Distributed Watershed Modeling of Design Storms to Identify Nonpoint Source Loading Areas
- T. A. Endreny * and
- E. F. Wood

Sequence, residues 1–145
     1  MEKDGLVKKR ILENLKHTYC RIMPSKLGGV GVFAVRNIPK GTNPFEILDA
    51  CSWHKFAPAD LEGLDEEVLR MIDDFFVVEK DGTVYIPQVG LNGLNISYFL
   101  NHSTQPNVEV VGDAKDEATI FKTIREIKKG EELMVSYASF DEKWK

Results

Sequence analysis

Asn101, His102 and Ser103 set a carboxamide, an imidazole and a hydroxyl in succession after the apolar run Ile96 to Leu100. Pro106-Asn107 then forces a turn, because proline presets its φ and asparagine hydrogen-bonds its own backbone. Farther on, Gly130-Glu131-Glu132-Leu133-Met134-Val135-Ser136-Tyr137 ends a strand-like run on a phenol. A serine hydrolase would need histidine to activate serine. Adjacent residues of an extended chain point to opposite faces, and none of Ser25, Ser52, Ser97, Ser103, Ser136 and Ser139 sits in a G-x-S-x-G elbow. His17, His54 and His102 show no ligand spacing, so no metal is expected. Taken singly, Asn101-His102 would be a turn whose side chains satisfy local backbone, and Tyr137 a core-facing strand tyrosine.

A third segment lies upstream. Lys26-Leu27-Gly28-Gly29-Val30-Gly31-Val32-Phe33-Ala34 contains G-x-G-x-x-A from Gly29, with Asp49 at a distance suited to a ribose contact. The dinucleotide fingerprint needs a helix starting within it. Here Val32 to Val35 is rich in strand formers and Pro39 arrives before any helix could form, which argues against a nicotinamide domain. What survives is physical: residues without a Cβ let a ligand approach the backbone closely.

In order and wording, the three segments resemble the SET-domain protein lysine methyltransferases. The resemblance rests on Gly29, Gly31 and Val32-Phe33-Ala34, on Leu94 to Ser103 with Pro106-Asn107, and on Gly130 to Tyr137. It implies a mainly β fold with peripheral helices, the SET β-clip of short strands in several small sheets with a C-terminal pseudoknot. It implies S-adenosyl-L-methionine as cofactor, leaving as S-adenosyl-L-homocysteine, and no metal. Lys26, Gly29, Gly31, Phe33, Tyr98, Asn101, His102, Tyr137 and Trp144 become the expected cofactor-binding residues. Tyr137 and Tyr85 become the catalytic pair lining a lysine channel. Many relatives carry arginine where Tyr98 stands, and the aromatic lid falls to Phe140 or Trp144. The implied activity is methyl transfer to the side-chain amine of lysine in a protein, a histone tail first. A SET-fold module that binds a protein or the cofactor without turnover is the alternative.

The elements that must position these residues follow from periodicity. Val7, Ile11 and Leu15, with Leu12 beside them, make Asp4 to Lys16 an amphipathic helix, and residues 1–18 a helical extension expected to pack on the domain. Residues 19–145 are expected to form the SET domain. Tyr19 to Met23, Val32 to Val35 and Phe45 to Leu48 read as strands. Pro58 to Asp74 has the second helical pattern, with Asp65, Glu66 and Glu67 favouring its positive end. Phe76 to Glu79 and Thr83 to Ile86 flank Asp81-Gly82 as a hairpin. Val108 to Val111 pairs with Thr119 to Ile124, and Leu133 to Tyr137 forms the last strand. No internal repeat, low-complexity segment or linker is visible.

Watershed areas that generate nonpoint source (NPS) polluted runoff need to be identified prior to the design of basin-wide water quality projects. Current watershed-scale NPS models lack a variable source area (VSA) hydrology routine, and are therefore unable identify spatially dynamic runoff zones. The TOPLATS model used a watertable-driven VSA hydrology routine to identify runoff zones in a 17.5 km2 agricultural watershed in central Oklahoma. Runoff areas were identified in a static modeling framework as a function of prestorm watertable depth and also in a dynamic modeling framework by simulating basin response to 2, 10, and 25 yr return period 6 h design storms. Variable source area expansion occurred throughout the duration of each 6 h storm and total runoff area increased with design storm intensity. Basin-average runoff rates of 1 mm h−1 provided little insight into runoff extremes while the spatially distributed analysis identified saturation excess zones with runoff rates equaling effective precipitation. The intersection of agricultural landcover areas with these saturation excess runoff zones targeted the priority potential NPS runoff zones that should be validated with field visits. These intersected areas, labeled as potential NPS runoff zones, were mapped within the watershed to demonstrate spatial analysis options available in TOPLATS for managing complex distributions of watershed runoff. TOPLATS concepts in spatial saturation excess runoff modeling should be incorporated into NPS management models.Please view the pdf by using the Full Text (PDF) link under 'View' to the left.
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